- The Washington Times - Friday, October 1, 2010

While Rahm Emanuel, the outgoing White House chief of staff, choked up and joked about his reputation for foul language, Peter Rouse, the man who is replacing him, stood silently to the side.

President Obama bid farewell to Mr. Emanuel and tapped Mr. Rouse as interim successor in an unusual East Room ceremony Friday, and the difference between the two men was stark.

“Obviously these two gentlemen have slightly different styles,” Mr. Obama told White House staffers in the audience. “I mentioned, for example — this was a couple of years ago — I pointed out that Rahm when he was a kid had lost part of his finger in an accident, and it was his middle finger, so it rendered him mute for a while. Pete has never seen a microphone or a TV camera that he likes.”

Indeed, in his 20 months as Mr. Obama’s top aide, Mr. Emanuel has used his high-intensity, foul-mouthed persona to push through the president’s marquee legislative priorities, whereas the senior adviser Mr. Rouse has remained invisible to the public, working methodically behind the scenes.

But the announcement was as much a roast and pat on the back as it was an opportunity for Mr. Emanuel to set in motion his widely expected campaign for Chicago mayor. Though the Democrat has yet to announce his candidacy, it was all but clear from his vows to continue public service and return to the Windy City that he intends to throw his hat into the ring.

“I’m excited to be heading home to Chicago, which as you know very well, Mr. President, is the greatest city in the greatest country in the world. I’m energized by the prospect of new challenges and eager to see what I can do to make our hometown even greater,” Mr. Emanuel said.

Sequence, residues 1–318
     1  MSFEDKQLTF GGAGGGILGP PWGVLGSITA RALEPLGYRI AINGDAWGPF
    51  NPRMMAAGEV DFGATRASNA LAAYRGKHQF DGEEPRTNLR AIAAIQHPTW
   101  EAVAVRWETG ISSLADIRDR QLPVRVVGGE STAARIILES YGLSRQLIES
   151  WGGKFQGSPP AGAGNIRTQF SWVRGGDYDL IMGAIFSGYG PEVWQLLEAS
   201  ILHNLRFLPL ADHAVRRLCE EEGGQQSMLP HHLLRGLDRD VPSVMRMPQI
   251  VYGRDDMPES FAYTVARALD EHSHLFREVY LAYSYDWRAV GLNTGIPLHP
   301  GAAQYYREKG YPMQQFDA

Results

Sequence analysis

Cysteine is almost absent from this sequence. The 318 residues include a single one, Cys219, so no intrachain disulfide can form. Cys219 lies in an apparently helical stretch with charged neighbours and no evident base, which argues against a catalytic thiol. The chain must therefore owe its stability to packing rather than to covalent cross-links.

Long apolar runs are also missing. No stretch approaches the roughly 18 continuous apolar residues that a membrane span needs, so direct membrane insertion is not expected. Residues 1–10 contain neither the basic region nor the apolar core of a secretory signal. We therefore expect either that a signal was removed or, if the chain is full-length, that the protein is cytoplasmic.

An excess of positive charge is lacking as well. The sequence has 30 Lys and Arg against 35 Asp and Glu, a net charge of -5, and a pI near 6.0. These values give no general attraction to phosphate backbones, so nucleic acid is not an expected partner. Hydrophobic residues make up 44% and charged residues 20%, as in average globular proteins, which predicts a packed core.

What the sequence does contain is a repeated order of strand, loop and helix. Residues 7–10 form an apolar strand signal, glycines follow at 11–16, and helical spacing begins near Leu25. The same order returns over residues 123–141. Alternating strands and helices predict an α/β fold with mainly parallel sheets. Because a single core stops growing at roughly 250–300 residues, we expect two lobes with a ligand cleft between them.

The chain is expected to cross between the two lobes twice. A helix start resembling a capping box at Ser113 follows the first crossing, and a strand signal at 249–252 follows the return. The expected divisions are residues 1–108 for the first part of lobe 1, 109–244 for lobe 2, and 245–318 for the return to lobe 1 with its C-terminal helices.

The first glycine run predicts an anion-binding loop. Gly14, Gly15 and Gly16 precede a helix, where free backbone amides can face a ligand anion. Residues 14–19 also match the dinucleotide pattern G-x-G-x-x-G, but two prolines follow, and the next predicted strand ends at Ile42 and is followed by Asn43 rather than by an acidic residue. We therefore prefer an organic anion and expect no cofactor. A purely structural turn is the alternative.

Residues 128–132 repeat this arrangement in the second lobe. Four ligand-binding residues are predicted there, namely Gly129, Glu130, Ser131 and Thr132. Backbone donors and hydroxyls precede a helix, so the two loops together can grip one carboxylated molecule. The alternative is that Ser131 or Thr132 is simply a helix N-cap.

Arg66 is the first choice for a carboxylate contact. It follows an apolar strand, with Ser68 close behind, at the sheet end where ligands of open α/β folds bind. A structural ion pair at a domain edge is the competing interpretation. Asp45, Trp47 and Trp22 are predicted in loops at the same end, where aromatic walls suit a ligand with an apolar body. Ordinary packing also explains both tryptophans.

The White House will face a challenge in deciding who will permanently replace the hard-charging Hill veteran. Like outgoing economic adviser Lawrence H. Summers, Mr. Emanuel was the target of heavy criticism from activists on the left, who argued he has been too pragmatic and compromising on policy.

But choosing a successor with a more progressive track record could be a tough sell when, by all accounts, there will be many more Republicans on Capitol Hill after November’s elections — if not at least one GOP-controlled chamber.
In the meantime, in Mr. Rouse the president has chose an interim chief of staff with three decades of political experience, including stints as chief of staff for former Sen. Majority Leader Tom Daschle and then-Sen. Obama.

Republicans wasted no time in taking aim at the new aide, with the Republican National Committee labeling him “the ultimate D.C. insider” and highlighting Mr. Obama’s decision to stick with someone from his inner circle rather than bring new blood to the post.

Mr. Rouse’s first challenge will be overseeing a White House in campaign mode ahead of November’s elections, and then preparing for a lame duck session of Congress in which Democrats will be hard-pressed to make good on Mr. Obama’s vow to preserve tax cuts for most Americans while raising them on high-income earners.

Looking ahead, he’ll also have to lay the groundwork for increased cooperation with Republicans, who are poised to make significant gains at the polls in November.